Pianist Myra Melford has an abiding interest in India. She cites the writings of the Sufi mystic poet Rumi, as well as her own harmonium studies there, as major influences on her writing, again borrowing from the subcontinent's traditions on this album. Many of these pieces were composed on melodica, enriching them with a strong harmonic foundation and lyric character that she transposes into a sumptuous group sound.
Melford's core trio of veteran bassist Stomu Takeishi (from two of her ensembles, Crush and The Tent) and newcomer drummer Elliot Humberto Kavee is joined on alternating tracks by trumpeter Cuong Vu or guitarist Brandon Ross for a set of compositions that are equally informed by Eastern and Western music traditions.
The rhythm section provides resourceful interplay, Takeishi's full-bodied fretless bass and Humberto Kavee's swirling trap set commingling seamlessly with the leader's own excursions. Melford's pianism engages with adroit impressionism, while her harmonium playing is raw and primal.
Cuong Vu's occasional appearances yield impressive results. He contributes ghostly declarations on "Equal Grace" and "Fear Slips Behind." His splintery, hoarse tone separates him from any number of academically pristine technicians. "Yellow Are Crowds of Flowers, II" features him in full expressionistic bloom, stridently navigating an intensifying abstract assault.
Brandon Ross plays banjo on the ethnic explorations of the title track and "Be Bread," adding an element of sonic authenticity to the proceedings. Plugging in, his electric guitar burns on the brief "If You've Not Been Fed," plying long tones and sustained harmonics over a deconstructed, loping funk pulse. Ross soars on the aptly titled "To The Roof," the album's energetic, emotional climax. Melford introduces the piece with tender, lyrical fragments before he enters, slowly building together in intensity until the piece explodes in an outpouring of electric fervor and resoundingly dramatic pianism, driven by a boisterous rubato rhythm.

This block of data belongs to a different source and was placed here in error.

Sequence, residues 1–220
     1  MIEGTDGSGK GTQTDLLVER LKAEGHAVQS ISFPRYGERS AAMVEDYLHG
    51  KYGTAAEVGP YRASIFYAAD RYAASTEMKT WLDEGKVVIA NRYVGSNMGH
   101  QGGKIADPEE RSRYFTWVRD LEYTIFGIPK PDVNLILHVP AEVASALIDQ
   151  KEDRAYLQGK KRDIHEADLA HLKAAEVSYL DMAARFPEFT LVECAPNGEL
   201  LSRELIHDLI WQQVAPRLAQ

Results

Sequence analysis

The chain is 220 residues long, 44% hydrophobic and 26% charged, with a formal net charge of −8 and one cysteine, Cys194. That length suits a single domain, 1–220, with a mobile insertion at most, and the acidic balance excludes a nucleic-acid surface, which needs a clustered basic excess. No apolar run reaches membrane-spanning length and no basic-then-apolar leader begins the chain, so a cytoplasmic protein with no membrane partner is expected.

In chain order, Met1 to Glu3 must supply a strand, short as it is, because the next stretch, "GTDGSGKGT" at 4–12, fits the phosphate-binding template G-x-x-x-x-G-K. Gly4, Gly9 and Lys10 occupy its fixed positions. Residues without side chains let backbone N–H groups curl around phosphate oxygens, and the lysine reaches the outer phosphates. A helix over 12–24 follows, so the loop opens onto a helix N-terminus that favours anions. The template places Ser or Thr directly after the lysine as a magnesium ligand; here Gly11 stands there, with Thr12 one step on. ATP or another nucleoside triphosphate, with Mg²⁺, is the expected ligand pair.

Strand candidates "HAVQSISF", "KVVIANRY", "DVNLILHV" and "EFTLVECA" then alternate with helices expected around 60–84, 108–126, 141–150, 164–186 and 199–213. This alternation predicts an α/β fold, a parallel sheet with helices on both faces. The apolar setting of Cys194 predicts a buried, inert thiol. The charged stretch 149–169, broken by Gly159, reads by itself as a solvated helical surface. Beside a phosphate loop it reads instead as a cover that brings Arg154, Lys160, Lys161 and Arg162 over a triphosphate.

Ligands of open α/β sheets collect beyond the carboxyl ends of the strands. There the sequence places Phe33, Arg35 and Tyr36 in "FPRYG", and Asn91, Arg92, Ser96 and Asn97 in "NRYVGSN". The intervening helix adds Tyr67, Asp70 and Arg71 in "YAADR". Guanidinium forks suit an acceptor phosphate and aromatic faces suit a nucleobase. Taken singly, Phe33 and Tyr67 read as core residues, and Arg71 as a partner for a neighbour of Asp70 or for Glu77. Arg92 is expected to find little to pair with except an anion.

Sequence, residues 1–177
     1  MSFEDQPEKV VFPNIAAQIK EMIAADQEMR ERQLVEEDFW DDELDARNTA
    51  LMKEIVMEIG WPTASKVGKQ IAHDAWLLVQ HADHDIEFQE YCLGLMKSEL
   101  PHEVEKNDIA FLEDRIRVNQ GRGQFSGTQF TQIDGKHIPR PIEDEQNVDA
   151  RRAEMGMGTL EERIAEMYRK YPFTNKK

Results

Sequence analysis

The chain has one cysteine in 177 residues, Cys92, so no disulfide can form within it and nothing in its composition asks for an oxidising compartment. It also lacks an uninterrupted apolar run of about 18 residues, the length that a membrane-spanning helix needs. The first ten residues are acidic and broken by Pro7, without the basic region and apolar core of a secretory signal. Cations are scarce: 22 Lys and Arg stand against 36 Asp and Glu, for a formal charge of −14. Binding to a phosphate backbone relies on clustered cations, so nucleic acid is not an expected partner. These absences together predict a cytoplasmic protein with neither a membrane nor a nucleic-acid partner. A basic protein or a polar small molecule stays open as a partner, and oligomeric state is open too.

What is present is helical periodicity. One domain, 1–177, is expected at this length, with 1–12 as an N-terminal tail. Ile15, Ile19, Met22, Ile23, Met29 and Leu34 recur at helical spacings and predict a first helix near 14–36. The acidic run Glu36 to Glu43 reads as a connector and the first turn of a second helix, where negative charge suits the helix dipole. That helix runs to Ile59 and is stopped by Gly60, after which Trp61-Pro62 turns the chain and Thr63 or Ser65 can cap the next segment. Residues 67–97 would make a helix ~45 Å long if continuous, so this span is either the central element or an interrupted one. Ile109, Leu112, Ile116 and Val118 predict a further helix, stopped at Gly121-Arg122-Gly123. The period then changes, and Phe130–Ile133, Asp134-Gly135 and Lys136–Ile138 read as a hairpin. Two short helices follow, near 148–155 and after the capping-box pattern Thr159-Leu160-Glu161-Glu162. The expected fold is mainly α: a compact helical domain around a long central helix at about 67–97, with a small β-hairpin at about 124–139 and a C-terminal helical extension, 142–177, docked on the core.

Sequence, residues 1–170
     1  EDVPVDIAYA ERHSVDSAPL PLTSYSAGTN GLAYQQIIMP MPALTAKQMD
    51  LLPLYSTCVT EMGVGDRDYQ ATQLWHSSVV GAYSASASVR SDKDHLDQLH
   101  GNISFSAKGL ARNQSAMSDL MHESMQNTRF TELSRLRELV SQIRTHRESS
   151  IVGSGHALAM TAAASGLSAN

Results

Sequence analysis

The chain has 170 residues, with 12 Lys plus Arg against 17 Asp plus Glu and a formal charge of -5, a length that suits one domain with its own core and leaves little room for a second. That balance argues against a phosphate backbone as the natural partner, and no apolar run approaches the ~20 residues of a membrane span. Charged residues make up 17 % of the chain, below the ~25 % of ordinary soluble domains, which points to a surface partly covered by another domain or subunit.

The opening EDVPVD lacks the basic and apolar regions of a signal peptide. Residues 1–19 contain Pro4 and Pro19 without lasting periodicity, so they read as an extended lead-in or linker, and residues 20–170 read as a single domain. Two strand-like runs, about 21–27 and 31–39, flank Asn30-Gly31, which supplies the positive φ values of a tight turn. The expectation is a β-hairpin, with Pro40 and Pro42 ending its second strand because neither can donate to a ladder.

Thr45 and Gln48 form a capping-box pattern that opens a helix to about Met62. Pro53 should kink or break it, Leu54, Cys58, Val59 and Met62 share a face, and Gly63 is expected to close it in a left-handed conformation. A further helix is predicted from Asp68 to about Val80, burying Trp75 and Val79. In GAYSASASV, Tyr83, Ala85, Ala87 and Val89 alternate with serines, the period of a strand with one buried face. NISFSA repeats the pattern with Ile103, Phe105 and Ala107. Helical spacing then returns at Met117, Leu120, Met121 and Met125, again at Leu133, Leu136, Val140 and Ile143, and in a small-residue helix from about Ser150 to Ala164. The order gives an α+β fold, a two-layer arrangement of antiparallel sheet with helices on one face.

Melford is resplendent at the piano. The melodious improviser's exquisite lyrical sensibility is never overshadowed by her vivacious energy. Equally capable of delicate introspection and spry commentary, both of which are featured prominently on "Luck Shifts," she chooses her methods wisely. "Yellow Are Crowds of Flowers, II" reveals her outré side, with a pneumatic solo full of unbridled passion and barbed commentary that's breathtaking in its intensity.
An estimable merger of electro-acoustic improvisation with Eastern song forms, The Image of Your Body demonstrates how Melford's luminous writing transcends the boundaries of genre and style.
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